As used herein, the term “in situ” generally refers to an event occurring in the original location, for example, in intact organ or tissue or in a representative segment of an organ or tissue. In some embodiments, in situ analysis of targets may be performed on cells derived from a variety of sources, including an organism, an organ, tissue sample, or a cell culture. In situ analysis provides contextual information that may be lost when the target is removed from its site of origin. Accordingly, in situ analysis of targets describes analysis of target-bound probe located within a whole cell or a tissue sample, whether the cell membrane is fully intact or partially intact where target-bound probe remains within the cell. Furthermore, the methods disclosed herein may be employed to analyze targets in situ in cell or tissue samples that are fixed or unfixed.

As used herein, the term “probe” refers to an agent having a binder and a label, such as a signal generator or an enzyme. In some embodiments, the binder and the label (signal generator or the enzyme) are embodied in a single entity. The binder and the label may be attached directly (e.g., via a fluorescent molecule incorporated into the binder) or indirectly (e.g., through a linker, which may include a cleavage site) and applied to the biological sample in a single step. In alternative embodiments, the binder and the label are embodied in discrete entities (e.g., a primary antibody capable of binding a target and an enzyme or a signal generator-labeled secondary antibody capable of binding the primary antibody). When the binder and the label (signal generator or the enzyme) are separate entities they may be applied to a biological sample in a single step or multiple steps. As used herein, the term “fluorescent probe” refers to an agent having a binder coupled to a fluorescent signal generator.

As used herein, the term “signal generator” refers to a molecule capable of providing a detectable signal using one or more detection techniques (e.g., spectrometry, calorimetry, spectroscopy, or visual inspection). Suitable examples of a detectable signal may include an optical signal, and electrical signal, or a radioactive signal. Examples of signal generators include one or more of a chromophore, a fluorophore, a Raman-active tag, or a radioactive label. As stated above, with regard to the probe, the signal generator and the binder may be present in a single entity (e.g., a target binding protein with a fluorescent label) in some embodiments. Alternatively, the binder and the signal generator may be discrete entities (e.g., a receptor protein and a labeled-antibody against that particular receptor protein) that associate with each other before or upon introduction to the sample.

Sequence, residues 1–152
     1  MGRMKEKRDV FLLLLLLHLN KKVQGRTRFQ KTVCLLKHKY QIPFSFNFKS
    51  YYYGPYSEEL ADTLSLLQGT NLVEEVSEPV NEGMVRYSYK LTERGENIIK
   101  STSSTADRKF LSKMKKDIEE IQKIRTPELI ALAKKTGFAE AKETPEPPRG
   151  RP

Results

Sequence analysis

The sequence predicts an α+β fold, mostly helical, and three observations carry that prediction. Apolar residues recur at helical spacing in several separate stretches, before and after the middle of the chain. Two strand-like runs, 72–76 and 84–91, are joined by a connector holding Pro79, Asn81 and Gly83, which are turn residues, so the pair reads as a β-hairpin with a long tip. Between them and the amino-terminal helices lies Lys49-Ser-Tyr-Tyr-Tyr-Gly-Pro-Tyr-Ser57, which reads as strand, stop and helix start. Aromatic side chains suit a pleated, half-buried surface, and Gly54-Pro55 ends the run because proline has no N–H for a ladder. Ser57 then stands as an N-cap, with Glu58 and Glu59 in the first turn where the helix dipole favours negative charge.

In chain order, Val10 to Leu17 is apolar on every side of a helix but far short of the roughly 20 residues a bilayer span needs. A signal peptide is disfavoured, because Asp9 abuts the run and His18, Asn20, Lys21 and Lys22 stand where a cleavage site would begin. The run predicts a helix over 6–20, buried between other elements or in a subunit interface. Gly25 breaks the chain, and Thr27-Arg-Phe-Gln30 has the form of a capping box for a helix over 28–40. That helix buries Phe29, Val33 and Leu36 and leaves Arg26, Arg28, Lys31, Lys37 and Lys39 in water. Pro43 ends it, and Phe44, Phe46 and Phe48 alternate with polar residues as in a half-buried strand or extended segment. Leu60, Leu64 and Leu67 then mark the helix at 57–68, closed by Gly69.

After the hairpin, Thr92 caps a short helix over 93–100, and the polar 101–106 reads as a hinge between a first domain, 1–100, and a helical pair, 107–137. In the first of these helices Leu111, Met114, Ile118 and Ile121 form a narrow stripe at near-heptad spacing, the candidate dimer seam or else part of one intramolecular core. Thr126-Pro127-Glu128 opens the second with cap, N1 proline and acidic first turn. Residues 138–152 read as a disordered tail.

As used herein, the term “solid support” refers to an article on which targets present in the biological sample may be immobilized and subsequently detected by the methods disclosed herein. Targets may be immobilized on the solid support by physical adsorption, by covalent bond formation, or by combinations thereof. A solid support may include a polymeric, a glass, or a metallic material. Examples of solid supports include a membrane, a microtiter plate, a bead, a filter, a test strip, a slide, a cover slip, and a test tube.

As used herein, the term “specific binding” refers to the specific recognition of one of two different molecules for the other compared to substantially less recognition of other molecules. The molecules may have areas on their surfaces or in cavities giving rise to specific recognition between the two molecules arising from one or more of electrostatic interactions, hydrogen bonding, or hydrophobic interactions. Specific binding examples include, but are not limited to, antibody-antigen interactions, enzyme-substrate interactions, polynucleotide interactions, and the like. In some embodiments, a binder molecule may have an intrinsic equilibrium association constant (KA) for the target no lower than about 105 M−1 under ambient conditions such as a pH of about 6 to about 8 and temperature ranging from about 0° C. to about 37° C.

As used herein, the term “target,” refers to the component of a biological sample that may be detected when present in the biological sample. The target may be any substance for which there exists a naturally occurring specific binder (e.g., an antibody), or for which a specific binder may be prepared (e.g., a small molecule binder or an aptamer). In general, a binder may bind to a target through one or more discrete chemical moieties of the target or a three-dimensional structural component of the target (e.g., 3D structures resulting from peptide folding). The target may include one or more of natural or modified peptides, proteins (e.g., antibodies, affibodies, or aptamers), nucleic acids (e.g., polynucleotides, DNA, RNA, or aptamers); polysaccharides (e.g., lectins or sugars), lipids, enzymes, enzyme substrates, ligands, receptors, antigens, or haptens. In some embodiments, targets may include proteins or nucleic acids.

As used herein the term “virtual stained image” (VSI) refers to an image of a biological sample that simulates that of an image obtained from a brightfield staining protocol. The image has similar contrast, intensity, and coloring as a brightfield image. This allows features within a biological sample, including but not limited to nuclei, epithelia, stroma or any type of extracellular matrix material features, to be characterized as if the brightfield staining protocol was used directly on the biological sample.